Tuesday, June 15, 2021

What to do in a post-Roe world? Politically organize.

By Fallon Parker (June 15, 2021)

With the Supreme Court’s decision to take up Dobbs v. Jackson Women’s Health Organization, the constitutional right to an abortion hangs in the balance. Since Roe v. Wade, the Supreme Court has held that bans on abortion before fetal viability (around 24 weeks) are unconstitutional. Dobbs involves a Mississippi law that outlaws abortions at just 15 weeks.  As the Court prepares to hear Dobbs pro-choice advocates and attorneys must start to plan for a possible post-Roe world.

Without Roe as a federal stopgap to prevent state legislatures from adopting anti-abortion legislation, the ability to obtain an abortion will vary greatly from state to state. The Center for Reproductive Rights predicts that as many as 30 states will either enact laws prohibiting abortion or already have trigger laws in place that will automatically ban abortion if Roe is struck down.

In a post-Roe world, protection of abortion rights will move squarely into the political arena. A long term strategy of passing laws that support people exercising their full range of reproductive choices, including abortion, will require significant political organizing in all states. An organizing platform focused on electing pro-choice Democrats and progressives would supplement the work that reproductive justice advocates are already doing in their communities and could provide the pro-abortion movement with the momentum to maintain abortion rights in a post-Roe world.

As of November 2020, and due to a 40 year effort on the part of the GOP, Republicans control 30 state legislatures and Democrats control 18. This political dynamic will have far reaching consequences for abortion rights in a post-Roe era and for reproductive justice overall. Anti-abortion legislation is trending all over the country and includes bills that ban abortion after a fetal heartbeat is detected (typically around six weeks into the pregnancy). These same states have launched legislative attacks on the right to economic security, safety, and participation in democracy. In the past six months 14 states made it harder to vote, ten states adopted laws targeting transgender folks, six states allowed people to carry guns without permits, and almost two dozen states voted to reject the federal unemployment benefits in President Biden’s stimulus package.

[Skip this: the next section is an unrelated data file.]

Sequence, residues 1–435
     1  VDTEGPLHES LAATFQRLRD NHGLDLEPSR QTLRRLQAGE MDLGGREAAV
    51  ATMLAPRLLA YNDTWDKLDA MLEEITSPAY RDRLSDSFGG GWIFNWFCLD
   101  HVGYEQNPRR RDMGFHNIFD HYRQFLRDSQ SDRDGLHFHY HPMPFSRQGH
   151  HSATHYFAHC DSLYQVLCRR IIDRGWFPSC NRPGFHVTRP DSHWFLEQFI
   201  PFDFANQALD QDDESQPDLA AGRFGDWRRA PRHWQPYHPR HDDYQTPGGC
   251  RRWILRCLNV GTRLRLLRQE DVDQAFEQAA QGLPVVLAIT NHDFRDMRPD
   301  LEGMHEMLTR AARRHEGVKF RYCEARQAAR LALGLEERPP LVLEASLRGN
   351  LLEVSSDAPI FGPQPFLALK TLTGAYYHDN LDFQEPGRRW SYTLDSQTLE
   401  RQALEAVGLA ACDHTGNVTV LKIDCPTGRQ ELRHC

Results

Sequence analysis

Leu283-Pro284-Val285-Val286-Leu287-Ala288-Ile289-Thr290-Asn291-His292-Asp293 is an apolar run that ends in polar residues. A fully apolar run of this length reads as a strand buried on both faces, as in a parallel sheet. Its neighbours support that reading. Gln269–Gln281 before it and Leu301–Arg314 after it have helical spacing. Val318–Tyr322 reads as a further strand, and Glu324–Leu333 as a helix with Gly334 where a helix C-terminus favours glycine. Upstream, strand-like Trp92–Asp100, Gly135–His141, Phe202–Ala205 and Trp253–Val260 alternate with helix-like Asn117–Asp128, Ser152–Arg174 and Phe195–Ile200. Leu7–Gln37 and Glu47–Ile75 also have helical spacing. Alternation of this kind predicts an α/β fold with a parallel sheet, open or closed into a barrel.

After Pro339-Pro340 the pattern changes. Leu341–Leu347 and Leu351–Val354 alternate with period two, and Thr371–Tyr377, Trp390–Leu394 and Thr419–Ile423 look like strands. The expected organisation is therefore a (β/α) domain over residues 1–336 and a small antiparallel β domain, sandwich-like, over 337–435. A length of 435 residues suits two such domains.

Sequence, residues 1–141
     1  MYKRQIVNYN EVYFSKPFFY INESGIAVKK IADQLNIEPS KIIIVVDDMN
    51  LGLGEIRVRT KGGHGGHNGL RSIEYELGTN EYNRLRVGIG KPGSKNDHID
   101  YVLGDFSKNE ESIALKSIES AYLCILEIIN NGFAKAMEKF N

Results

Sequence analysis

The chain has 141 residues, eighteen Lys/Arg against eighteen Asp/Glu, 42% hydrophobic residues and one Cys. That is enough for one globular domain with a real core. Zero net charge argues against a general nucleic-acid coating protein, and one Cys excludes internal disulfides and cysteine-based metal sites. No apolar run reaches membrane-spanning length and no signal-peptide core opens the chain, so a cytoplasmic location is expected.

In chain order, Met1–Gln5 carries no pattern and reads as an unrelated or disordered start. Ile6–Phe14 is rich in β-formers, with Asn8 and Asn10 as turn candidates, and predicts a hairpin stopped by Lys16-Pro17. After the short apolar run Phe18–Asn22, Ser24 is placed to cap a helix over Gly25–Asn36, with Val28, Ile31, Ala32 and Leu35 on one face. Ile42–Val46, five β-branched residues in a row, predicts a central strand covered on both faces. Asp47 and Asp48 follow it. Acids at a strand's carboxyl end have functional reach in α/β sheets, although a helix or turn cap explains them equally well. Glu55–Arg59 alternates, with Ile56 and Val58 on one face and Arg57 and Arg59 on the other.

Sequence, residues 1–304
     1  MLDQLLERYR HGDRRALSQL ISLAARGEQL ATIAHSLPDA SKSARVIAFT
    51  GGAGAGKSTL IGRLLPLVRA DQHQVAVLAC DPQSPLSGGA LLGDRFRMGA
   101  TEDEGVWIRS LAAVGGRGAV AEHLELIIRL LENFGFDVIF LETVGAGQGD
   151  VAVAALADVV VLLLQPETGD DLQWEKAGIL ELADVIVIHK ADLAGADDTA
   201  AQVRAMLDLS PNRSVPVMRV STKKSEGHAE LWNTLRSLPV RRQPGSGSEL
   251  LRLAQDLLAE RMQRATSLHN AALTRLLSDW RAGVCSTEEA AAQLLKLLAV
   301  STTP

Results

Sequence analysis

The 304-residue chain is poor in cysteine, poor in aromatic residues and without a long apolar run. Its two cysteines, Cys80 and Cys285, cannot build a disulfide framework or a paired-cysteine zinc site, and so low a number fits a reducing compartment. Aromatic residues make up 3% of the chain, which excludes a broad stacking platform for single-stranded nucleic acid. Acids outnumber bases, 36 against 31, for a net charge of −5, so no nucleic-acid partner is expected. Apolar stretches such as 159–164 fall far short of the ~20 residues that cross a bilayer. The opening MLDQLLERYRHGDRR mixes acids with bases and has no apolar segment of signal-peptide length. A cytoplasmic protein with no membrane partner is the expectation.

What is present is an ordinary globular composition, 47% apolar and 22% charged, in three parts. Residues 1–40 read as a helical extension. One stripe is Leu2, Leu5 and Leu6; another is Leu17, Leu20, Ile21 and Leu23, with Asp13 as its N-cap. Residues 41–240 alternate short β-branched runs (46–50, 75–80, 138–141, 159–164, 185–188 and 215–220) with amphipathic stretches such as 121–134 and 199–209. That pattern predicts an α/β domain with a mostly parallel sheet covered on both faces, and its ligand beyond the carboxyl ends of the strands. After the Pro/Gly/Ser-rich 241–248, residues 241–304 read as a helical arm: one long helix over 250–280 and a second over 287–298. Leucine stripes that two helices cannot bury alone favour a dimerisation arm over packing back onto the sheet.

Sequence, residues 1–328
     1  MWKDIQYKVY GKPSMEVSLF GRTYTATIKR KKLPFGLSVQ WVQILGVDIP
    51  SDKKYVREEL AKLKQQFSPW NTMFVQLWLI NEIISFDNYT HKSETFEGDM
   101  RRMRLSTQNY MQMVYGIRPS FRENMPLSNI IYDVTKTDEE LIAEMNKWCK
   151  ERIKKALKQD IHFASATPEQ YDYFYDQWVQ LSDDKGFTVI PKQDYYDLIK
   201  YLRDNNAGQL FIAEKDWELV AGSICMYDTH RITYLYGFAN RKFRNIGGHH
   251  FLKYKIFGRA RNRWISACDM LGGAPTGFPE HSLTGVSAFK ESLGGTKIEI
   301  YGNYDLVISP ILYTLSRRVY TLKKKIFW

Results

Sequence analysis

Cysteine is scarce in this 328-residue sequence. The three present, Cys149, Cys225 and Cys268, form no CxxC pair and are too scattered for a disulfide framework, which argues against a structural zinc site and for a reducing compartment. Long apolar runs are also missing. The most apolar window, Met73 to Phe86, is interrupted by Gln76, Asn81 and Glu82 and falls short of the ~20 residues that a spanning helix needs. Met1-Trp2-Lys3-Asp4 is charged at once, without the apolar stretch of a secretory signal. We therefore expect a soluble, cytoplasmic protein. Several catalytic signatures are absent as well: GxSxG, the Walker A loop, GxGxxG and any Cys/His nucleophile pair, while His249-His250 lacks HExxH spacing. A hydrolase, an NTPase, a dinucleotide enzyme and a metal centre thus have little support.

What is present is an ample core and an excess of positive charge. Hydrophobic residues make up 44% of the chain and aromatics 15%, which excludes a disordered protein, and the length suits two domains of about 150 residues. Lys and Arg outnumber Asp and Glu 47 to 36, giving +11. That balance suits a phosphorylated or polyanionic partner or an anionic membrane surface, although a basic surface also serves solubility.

Part of this political success in state government can be attributed to the GOP’s consistent messaging, including their anti-abortion message. At least while Roe is still intact, Republicans have an “intensity advantage” in the PR war. Their strategy of staking the alleged moral high ground on the issue of abortion has been, unfortunately, effective at putting Democrats and pro-abortion advocates on the defensive and helped the GOP to coalesce local political power.

However, there are bright spots on the horizon. Democrats and reproductive justice advocates were motivated by Stacey Abrams’ success in turning the traditionally Republican state of Georgia blue in 2020. Much of that success, according to Abrams, can be attributed to over ten years of clear messaging and strong local organizing from the state Democratic party and its allies. Democrats, progressives, and reproductive justice advocates around the country are hoping to build on that success. The Democratic National Committee is investing over $23 million in state parties for the 2022 midterm elections, including Democratic parties in historically red states. Organizations like Run for Something, Swing Left, Emerge, Indivisible, and Vote Pro Choice are recruiting and supporting progressive candidates running for local office. Progressive groups have taken a page out of the anti-abortion playbook and drafted model pro-choice legislation for local elected officials to rely on.

All of these political strategies will be crucial to abortion access in a post-Roe world and will serve to supplement the grassroots work reproductive justice advocates have been doing all along.


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